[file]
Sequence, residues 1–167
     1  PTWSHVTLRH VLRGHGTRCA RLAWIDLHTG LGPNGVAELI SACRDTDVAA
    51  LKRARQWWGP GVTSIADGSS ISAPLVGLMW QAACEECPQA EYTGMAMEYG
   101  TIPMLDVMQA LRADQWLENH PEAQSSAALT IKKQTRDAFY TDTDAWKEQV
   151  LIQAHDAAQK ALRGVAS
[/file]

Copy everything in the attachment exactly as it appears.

Sequence, residues 1–167
     1  PTWSHVTLRH VLRGHGTRCA RLAWIDLHTG LGPNGVAELI SACRDTDVAA
    51  LKRARQWWGP GVTSIADGSS ISAPLVGLMW QAACEECPQA EYTGMAMEYG
   101  TIPMLDVMQA LRADQWLENH PEAQSSAALT IKKQTRDAFY TDTDAWKEQV
   151  LIQAHDAAQK ALRGVAS